I've got a new Think Again column here called "Who Really Supports the Troops," about coverage of Bush's destruction of the military, and a new Nation column about The New York Sun called "Potemkin Paper," here.
We note that yesterday Drudge had a "developing" story up saying that Reagan's diaries were outselling Gore's "Assault on Reason." Turns out Gore's book is debuting at #1 on the Times best-seller list. That story was gone the next day. Typical Drudge, alas.
Why no ID of Jeff Gerth's conflict of interest in his Times Magazine piece, asks Garance? Good question. Read Boehlert if you have not already, here. It's crazy great and deserves a point-by-point response from the Times ombudsman. Somebody ought to write that letter and send the reply here.
On May 29, The New York Times published an excerpt of Jeff Gerth and Don Van Natta Jr.'s upcoming book Her Way: The Hopes and Ambitions of Hillary Rodham Clinton (Little, Brown & Co., June 2007). The excerpt asserted that Sen. Clinton's June 21, 2006, floor statement marked "the first time in her public speeches" in which she offered "a new interpretation" -- or "revised account" -- of her 2002 vote to authorize the use of force against Iraq: "The authority Congress given [sic] the president and his administration four years earlier, Clinton explained, had been 'misused' because they acted 'without allowing the inspectors to finish the job in order to rush to war.' " In fact, Clinton has been claiming that President Bush misused the Authorization For Use Of Military Force Against Iraq since at least October 2003.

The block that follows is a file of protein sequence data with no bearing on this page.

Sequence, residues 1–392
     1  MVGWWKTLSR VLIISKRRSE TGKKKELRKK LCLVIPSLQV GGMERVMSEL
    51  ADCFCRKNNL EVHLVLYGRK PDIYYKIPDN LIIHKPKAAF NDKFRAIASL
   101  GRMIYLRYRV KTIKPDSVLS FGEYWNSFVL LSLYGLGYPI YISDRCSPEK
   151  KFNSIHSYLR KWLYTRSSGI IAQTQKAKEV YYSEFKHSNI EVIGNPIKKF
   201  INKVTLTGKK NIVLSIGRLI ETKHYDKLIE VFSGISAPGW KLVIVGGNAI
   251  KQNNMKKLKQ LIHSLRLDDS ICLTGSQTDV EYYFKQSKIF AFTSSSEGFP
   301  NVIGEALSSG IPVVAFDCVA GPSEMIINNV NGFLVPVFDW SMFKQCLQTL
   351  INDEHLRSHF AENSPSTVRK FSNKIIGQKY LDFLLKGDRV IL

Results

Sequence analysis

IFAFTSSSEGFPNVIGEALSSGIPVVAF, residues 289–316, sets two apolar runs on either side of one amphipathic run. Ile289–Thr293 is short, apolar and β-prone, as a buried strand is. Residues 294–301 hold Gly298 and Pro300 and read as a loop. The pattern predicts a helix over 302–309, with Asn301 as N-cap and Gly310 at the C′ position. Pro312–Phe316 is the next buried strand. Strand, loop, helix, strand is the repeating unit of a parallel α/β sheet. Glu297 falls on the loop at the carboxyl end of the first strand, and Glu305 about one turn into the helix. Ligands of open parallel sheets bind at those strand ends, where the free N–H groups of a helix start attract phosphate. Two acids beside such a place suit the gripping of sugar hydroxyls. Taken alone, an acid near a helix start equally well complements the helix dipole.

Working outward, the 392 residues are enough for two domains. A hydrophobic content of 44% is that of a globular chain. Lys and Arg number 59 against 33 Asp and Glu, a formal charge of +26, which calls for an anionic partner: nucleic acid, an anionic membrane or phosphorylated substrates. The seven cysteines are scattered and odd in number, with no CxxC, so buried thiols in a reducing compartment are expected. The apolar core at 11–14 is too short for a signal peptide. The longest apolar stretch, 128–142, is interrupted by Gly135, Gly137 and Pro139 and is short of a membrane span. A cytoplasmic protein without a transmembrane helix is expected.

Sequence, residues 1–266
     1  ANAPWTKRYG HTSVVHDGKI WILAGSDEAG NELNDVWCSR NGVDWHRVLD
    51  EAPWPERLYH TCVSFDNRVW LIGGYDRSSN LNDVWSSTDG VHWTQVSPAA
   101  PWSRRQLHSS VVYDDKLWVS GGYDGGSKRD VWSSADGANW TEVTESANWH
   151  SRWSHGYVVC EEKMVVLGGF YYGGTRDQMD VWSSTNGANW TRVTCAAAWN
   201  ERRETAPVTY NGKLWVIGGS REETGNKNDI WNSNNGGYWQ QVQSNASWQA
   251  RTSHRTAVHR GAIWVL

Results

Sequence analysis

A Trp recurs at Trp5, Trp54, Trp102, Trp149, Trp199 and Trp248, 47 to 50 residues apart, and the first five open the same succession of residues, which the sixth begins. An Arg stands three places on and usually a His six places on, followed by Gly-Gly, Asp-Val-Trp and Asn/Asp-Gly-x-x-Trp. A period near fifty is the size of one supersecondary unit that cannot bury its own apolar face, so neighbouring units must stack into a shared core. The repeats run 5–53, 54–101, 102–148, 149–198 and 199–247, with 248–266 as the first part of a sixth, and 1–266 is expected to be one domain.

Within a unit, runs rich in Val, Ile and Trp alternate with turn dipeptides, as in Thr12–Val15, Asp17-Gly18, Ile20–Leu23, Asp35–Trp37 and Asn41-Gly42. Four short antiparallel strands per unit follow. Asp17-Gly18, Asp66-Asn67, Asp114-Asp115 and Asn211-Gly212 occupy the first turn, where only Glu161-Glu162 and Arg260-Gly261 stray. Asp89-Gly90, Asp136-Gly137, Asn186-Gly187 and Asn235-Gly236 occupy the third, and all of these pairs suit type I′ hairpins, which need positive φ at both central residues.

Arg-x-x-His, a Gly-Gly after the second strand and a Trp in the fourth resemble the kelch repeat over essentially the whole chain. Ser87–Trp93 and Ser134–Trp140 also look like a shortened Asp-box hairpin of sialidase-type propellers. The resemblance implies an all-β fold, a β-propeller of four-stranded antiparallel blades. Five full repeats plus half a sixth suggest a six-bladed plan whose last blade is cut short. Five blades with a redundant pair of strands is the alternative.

On the May 29 edition of Fox News' Hannity & Colmes, Fox News contributor and syndicated columnist Dick Morris falsely claimed that in Jeff Gerth and Don Van Natta Jr.'s Her Way: The Hopes and Ambitions of Hillary Rodham Clinton (Little, Brown and Co., June 2007), the authors "point out that Media Matters ... was actually set up by Hillary's staff, and she had a large amount to do with setting it up." In fact, Her Way does not state that Media Matters for America was "set up by Hillary's staff," nor does it claim that Clinton "had a large amount to do with setting it up." Rather, the book notes that Media Matters is "independent" and "had among its earliest supporters and advisers long-standing allies of Hillary and the Democratic Party." Read more